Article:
Millions of people die from infectious diseases each year. These diseases are caused by organisms and viruses (pathogens) that colonize and parasitize our bodies. Indeed, many different pathogens cause many different diseases. While these often come with similar symptoms, they must be treated in different ways.

CRISPR diagnostics (CRISPR Dx) will provide us with fast and inexpensive ways to identify pathogens. Accurate pathogen identification will empower physicians to effectively treat infectious diseases. As you’ll learn below, the rise of antibiotic resistance and climate change make it more important than ever to develop rapid and effective CRISPR Dx.

Infographic showing the the various ways CRISPR diagnostics will help us fight infectious disease

The causes of and growing dangers of infectious disease

Many different pathogens cause infectious diseases. Bacteria, parasites, fungi, and viruses can all invade our bodies and make us sick. Tuberculosis, for example, is a devastating disease caused by the bacterium Mycobacterium tuberculosis. In 2016, roughly 1.5 million people died from this disease. The seasonal flu, on the other hand, is caused by a virus. It kills between 290,000 and 650,000 people annually. Malaria is caused by 4 different species of parasite (plasmodium). It is spread by mosquitoes and killed roughly 450,000 people in 2017. Finally, the fungus Candida auris causes a highly deadly infection. There were 799 cases reported in the US as of September 2019. Candida auris infections kill >30% of those infected.

In the last century, antibiotics have saved us from the scourges of many bacterial infections. Yet, antibiotics are useless against other kinds of pathogens.

In addition, slow and inexact diagnostics have led to the overuse and misuse of antibiotics against non-bacterial pathogens. Importantly, we do have means of treating non-bacterial infections. We have antivirals for viruses, antifungals for fungi, and various drugs for parasites. Yet, it is often difficult for doctors to identify which of these pathogens is causing an illness. Thus the wrong drugs are often used. Not only does this fail to help patients, it also enables pathogens to develop resistance. In the U.S. alone, antibiotic resistant infections cause 35,000 deaths a year.

Worse still, infectious diseases are reaching new people in new places. There are a variety of reasons for this, but climate change is hypothesized to have a major role. Warmer temperatures allow the critters that spread diseases like Lyme Disease to move into new geographic locations where they can infect more people. Indeed, it’s even hypothesized that climate change enabled Candida auris to begin infecting humans.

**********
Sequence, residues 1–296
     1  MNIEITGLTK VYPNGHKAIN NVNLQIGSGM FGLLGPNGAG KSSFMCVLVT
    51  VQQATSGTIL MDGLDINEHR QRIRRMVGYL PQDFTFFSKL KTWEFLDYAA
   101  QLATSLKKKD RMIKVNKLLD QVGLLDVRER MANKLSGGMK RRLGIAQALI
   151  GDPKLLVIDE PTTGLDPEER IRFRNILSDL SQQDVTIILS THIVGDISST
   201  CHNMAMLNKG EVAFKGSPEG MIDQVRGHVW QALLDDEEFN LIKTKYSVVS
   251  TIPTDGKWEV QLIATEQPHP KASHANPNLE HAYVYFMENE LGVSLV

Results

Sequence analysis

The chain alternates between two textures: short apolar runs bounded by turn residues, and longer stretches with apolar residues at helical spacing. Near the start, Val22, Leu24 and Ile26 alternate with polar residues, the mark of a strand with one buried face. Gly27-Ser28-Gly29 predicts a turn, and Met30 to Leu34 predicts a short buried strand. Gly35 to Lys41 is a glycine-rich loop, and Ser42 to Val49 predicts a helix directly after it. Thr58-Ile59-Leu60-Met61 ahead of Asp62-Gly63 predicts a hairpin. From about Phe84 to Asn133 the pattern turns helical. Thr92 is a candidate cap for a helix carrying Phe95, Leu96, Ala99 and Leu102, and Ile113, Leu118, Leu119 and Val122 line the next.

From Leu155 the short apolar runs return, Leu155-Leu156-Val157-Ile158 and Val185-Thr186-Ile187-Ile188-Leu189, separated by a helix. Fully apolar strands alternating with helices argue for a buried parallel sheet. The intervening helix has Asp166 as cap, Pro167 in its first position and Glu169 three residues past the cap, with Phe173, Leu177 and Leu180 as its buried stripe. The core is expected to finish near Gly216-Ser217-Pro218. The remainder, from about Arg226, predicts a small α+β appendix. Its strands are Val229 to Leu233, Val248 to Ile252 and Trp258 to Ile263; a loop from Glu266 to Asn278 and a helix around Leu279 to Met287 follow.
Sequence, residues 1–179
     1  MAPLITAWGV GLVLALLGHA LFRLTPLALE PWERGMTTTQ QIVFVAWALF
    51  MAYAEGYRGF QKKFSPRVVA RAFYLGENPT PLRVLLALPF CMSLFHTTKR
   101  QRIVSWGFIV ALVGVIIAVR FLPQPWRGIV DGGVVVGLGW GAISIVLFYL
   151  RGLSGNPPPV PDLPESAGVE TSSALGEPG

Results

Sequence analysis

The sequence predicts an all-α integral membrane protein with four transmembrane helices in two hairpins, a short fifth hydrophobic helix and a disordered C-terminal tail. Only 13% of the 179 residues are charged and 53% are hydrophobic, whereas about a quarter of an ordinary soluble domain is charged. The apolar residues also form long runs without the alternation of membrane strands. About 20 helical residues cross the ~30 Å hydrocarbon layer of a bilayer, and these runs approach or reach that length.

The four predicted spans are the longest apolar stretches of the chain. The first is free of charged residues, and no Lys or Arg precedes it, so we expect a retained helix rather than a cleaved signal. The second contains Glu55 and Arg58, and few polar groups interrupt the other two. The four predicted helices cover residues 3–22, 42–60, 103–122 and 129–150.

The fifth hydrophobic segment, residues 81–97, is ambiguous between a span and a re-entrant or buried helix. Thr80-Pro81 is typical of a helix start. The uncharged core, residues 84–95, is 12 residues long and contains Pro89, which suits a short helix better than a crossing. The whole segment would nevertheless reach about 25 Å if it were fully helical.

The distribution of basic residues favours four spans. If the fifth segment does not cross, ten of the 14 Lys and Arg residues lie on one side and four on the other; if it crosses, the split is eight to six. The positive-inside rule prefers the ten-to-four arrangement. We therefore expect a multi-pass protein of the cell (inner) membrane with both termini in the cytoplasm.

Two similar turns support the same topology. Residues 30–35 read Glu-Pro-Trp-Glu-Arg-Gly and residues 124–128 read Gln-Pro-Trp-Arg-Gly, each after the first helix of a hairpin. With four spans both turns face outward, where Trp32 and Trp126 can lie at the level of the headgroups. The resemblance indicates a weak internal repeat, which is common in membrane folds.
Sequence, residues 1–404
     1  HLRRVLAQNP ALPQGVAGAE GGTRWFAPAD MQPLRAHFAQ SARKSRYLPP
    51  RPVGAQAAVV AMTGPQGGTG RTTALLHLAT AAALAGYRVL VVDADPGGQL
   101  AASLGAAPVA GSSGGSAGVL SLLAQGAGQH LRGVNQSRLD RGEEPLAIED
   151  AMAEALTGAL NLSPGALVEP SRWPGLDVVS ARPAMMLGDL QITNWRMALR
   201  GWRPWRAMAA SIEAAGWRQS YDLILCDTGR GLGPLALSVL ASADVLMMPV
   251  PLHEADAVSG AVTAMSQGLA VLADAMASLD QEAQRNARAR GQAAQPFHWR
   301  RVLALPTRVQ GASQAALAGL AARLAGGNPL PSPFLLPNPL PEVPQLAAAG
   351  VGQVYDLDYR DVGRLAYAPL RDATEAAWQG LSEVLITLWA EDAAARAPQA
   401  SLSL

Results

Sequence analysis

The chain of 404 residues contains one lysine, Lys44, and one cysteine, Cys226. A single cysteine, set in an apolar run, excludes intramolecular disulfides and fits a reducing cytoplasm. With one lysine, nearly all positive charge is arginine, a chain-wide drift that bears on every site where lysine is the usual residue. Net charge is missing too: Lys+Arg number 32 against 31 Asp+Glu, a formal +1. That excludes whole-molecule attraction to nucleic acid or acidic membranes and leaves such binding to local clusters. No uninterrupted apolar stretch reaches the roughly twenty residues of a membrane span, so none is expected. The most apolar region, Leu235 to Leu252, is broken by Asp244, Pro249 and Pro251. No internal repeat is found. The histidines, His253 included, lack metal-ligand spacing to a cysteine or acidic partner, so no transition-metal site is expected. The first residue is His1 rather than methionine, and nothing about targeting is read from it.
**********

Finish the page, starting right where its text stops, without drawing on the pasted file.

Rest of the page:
Ideal infectious disease diagnostics

Good diagnostics enable physicians to identify pathogens and prescribe effective drugs.

Traditionally, physicians have identified pathogens by growing them in labs and staining them with various compounds. These techniques were huge improvements when they were first developed. Yet, they can take hours to days to complete. This is too long for many infectious diseases. These techniques can leave patients in dire straights. They also aren’t useful for for all pathogens.

To replace these older diagnostic technologies, ideal diagnostics should be:

  • Fast (get results in <1h) and easy to interpret
  • Inexpensive
  • Useable anywhere
  • Applicable to all types of pathogens
  • Capable of identifying new human pathogens
  • Capable of identifying antibiotic resistance

Nucleic acid detection for infectious disease diagnosis and the benefits of CRISPRDx

While the lifestyles of different pathogens vary widely, they all have genetic material. All pathogens use either DNA or RNA (nucleic acids) to encode their component parts. Indeed, the nucleic acids found in particular pathogens are specific to those pathogens. Thus, if physicians can look at a pathogen’s nucleic acids, they can identify the pathogen. By looking at nucleic acid sequences encoding resistance, physicians can also determine which drugs will actually kill a pathogen. Then they can prescribe effective drugs.

Indeed, many new nucleic acid-based diagnostics have at least some of the characteristics of ideal diagnostics. Unfortunately, they often require extensive expertise to use. They can also be expensive.

CRISPR Dx, on the other hand, will have all the characteristics of ideal infectious disease diagnostics. They will produce clear signals when a pathogen’s nucleic acids are present. They will also be adaptable to new pathogens. They will be inexpensive/disposable and should be easy to use on various kinds of patient samples. We should be able to deploy them all over the world.

In addition, CRISPR Dx will be especially useful in the resource-poor regions where infectious diseases have been particularly devastating. These regions often lack extensive healthcare infrastructure. While other nucleic acid-based diagnostics might be difficult to deploy in these regions, CRISPR Dx should be useable directly at the point of care. Thus, CRISPR Dx will be a huge boon to health care providers in these regions. 

CRISPR Dx will help shore up our first lines of defense against infectious disease. They’ll make it so doctors can quickly prescribe the appropriate treatments all over the world. We hope they’ll stop outbreaks and prevent the drug misuse that leads to resistance.